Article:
Easy Online Surveys with Power BI Reporting

I think today’s article will be of interest to my readers even though it is a little astray from my normally pure Power BI, Power Pivot and Power Query content. I will show you how to quickly and easily create an On-Line Survey that you can distribute to anyone that has an Internet connection, and then use Power BI to report on the results from your survey.

Office 365 Excel Surveys

You may not be aware that O365 has an inbuilt Excel survey tool that is very easy to use.  And who wouldn’t want to use Excel to solve a problem if they could?  You can find the survey tool by going to OneDrive online.  I am using OneDrive for business for this demo, but it also works for OneDrive Personal.

Here is Survey – Please Participate

For demonstration purposes, I have created a survey to ask my readers what they would like to see more of on my website and to see which countries the readers live in.  Edit 7 Feb 2016.  The survey is now closed, but you can still read on.

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Now that you have completed the survey, read on to see how you can do the same yourself and to see the latest results via an embedded a Power BI report at the bottom of the page.  Note that it can take up to 1 hour for your specific survey response to be available in the report (ie it is near real time – not real time).

How I Created the Survey

First Open OneDrive Online

Frankly I get confused with all the logins for Microsoft sites. The easiest way I know how to login to OneDrive Online is to Open Windows Explorer, right click on the OneDrive folder and then select View Online.

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Create Your Excel Survey

Creating an Excel survey couldn’t be easier.  Just click New\Excel Survey as shown below.

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I immediately got some survey header information to fill in as shown below.

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There are no user manuals required to work out how to do this.  I just updated the information and moved on to the next section.  It is easy to enter the questions you have, and there are a number of intuitive response types that you can choose to meet your needs.

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Survey Results Database

After you have completed your survey, you can see the underlying Excel spreadsheet that stores your survey results.  It is possible to add new columns to the right of the results table.  Additional columns added manually can be used to store information you want to add without it being part of the survey.

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Connecting the Data to PowerBI.com

There are a few ways you can create a Power BI Report.  If you want a fully featured data model including the ability to import other tables of data and write your own DAX, then you need to import this new data source into Power BI Desktop as you would with any other report.  For this demo today, I have use the “Get Data” feature from directly inside Power BI Service to connect to the Excel workbook on OneDrive.  To do this, I first logged into PowerBI.com and selected get data from files as shown below.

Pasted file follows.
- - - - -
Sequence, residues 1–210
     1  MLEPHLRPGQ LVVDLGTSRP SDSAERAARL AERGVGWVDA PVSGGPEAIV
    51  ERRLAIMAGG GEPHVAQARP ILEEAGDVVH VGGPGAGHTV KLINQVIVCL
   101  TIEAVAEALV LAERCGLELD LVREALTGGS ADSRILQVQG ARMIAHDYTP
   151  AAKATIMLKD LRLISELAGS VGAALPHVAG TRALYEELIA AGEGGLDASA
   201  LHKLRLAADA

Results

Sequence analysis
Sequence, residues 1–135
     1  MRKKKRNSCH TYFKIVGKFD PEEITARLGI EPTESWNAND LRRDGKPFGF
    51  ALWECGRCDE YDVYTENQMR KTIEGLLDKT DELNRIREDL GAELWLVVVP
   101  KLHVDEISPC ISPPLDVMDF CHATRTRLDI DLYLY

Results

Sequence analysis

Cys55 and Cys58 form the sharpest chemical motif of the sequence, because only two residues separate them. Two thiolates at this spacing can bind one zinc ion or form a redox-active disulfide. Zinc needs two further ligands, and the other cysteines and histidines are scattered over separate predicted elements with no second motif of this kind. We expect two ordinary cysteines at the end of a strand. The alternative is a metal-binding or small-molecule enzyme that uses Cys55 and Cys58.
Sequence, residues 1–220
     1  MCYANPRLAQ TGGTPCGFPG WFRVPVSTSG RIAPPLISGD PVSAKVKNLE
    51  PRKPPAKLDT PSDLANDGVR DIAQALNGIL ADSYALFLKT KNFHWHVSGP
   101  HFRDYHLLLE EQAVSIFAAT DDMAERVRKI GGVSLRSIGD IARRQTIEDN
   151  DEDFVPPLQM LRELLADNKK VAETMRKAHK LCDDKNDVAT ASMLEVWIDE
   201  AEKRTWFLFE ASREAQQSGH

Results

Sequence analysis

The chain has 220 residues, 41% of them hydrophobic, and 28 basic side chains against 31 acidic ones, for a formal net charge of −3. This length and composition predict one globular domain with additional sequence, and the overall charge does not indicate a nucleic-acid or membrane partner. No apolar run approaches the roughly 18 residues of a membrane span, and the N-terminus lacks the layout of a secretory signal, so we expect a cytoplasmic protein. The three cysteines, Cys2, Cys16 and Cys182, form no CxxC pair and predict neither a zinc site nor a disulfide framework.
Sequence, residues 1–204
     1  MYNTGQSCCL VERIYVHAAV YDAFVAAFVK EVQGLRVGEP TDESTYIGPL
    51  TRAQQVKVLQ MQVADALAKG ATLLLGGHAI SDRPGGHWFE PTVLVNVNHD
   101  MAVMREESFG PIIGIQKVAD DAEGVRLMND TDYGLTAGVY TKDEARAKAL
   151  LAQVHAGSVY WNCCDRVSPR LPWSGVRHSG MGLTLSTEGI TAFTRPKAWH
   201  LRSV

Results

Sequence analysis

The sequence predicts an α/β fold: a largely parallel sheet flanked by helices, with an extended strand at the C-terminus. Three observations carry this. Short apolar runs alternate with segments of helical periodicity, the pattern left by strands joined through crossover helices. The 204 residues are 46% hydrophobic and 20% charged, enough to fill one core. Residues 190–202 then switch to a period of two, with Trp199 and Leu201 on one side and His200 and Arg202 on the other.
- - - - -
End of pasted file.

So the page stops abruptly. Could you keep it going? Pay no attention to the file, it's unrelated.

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Then I selected OneDrive – Business as shown below.

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Then I selected my survey file and clicked Connect

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I was then prompted to either import the data or connect.  The connect option works just like Excel Online – not what I wanted.  So I selected Import.  When you use import in this way, Power BI will check your OneDrive account about once each hour to check for new data and will automatically update your report.

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Power BI then created a new Dataset for me (1 below).  You can see the table of data shown in 2 below.  It also created a Dashboard, however this was not much use so I simply deleted the dashboard.

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Here is the Final Power BI Report

Once I had the data connected, I simply created a few simple visualisations using the capabilities of Power BI Service.  You can see the final interactive report below.

Be sure to read next week’s post where I cover how you can use Power BI Desktop to model your online data. https://exceleratorbi.com.au/data-modelling-onedrive-source-files/

Comments

  1. I am constantly amazed by how you know this stuff! I love the survey capability and had no idea it existed. But, you know what I found more intriguing? I now understand how to use Office 365 (from your demo I now get it) but, the interactive Power BI I canvass just blows me away… seriously, I have to know how you do that.

    Can the next Blog be on how to publish Power BI content to the web?

  2. Thanks for addressing this very useful, and hardly noticed, Excel Survey functionality. I have almost given up to re-visit my favorites because of confusion with login to Microsoft sites.

  3. Hi Matt, I was searching for an easy and light instrument to do survey and I had it without knowing.
    You are the best!! Really
    Thanks
    Roberto

  4. This is brilliant, I have business requirement with exactly these same requirements and I did not even know that it exists. I think I might end up even teaching some of the Microsoft account support on this!

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